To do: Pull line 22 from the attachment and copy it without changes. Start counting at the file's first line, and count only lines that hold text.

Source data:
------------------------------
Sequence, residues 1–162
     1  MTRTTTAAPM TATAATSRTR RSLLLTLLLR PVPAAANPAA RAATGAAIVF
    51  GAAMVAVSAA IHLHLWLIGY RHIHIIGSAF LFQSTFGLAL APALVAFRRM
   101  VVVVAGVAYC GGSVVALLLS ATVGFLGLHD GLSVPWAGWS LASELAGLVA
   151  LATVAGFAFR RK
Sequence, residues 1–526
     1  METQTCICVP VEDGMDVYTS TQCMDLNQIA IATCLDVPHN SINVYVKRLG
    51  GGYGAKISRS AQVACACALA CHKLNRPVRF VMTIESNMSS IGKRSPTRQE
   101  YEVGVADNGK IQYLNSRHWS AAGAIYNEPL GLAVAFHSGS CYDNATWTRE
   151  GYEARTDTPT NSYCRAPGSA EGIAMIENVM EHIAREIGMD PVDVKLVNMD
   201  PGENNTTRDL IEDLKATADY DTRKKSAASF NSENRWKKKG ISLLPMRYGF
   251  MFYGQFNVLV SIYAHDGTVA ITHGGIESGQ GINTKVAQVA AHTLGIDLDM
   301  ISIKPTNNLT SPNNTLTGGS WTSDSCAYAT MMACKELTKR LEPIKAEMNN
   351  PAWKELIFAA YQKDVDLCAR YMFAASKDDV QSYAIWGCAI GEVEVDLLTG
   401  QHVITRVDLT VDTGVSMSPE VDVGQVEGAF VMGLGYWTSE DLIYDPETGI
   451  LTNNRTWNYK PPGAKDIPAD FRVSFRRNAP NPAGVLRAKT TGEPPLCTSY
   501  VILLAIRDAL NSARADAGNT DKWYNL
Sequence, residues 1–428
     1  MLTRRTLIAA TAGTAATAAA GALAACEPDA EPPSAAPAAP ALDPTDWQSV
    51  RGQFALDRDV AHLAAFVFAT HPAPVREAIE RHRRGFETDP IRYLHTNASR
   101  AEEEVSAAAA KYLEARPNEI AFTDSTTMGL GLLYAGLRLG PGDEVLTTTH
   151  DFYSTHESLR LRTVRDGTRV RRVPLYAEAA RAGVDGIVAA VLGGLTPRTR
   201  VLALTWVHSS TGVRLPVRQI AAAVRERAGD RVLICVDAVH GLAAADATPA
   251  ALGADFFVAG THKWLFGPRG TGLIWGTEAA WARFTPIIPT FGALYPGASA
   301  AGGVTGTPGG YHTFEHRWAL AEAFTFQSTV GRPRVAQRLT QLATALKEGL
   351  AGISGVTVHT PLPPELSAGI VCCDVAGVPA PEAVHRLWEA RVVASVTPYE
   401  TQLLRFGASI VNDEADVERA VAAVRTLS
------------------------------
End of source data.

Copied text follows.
   151  DFYSTHESLR LRTVRDGTRV RRVPLYAEAA RAGVDGIVAA VLGGLTPRTR